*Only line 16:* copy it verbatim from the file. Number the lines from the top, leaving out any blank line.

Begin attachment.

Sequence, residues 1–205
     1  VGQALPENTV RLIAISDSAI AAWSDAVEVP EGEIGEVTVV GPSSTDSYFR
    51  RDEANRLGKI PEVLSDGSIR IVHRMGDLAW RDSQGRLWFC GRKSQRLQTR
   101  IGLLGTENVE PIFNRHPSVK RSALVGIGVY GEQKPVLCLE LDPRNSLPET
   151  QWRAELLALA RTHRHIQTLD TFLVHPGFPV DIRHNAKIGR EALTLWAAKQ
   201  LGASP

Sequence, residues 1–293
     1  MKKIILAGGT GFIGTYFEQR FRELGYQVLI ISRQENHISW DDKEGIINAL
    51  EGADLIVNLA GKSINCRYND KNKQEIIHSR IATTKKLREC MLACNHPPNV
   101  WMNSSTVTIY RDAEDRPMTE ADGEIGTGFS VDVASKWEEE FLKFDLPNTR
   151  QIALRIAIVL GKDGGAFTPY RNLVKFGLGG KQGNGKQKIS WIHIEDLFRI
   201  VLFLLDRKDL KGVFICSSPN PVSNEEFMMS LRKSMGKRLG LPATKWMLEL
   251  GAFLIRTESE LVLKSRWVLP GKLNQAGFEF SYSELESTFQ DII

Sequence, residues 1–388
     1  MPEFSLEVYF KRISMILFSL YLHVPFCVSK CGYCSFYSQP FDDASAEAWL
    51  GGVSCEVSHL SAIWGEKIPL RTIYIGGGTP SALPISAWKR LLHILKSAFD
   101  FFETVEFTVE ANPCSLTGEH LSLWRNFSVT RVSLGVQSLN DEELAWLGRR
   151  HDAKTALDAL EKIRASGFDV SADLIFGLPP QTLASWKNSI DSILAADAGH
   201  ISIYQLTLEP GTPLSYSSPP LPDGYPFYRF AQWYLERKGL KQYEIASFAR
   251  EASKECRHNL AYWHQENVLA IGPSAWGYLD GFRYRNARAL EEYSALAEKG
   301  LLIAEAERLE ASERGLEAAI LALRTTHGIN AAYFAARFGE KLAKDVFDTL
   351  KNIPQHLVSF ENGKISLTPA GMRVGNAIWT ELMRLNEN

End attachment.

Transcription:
    51  GGVSCEVSHL SAIWGEKIPL RTIYIGGGTP SALPISAWKR LLHILKSAFD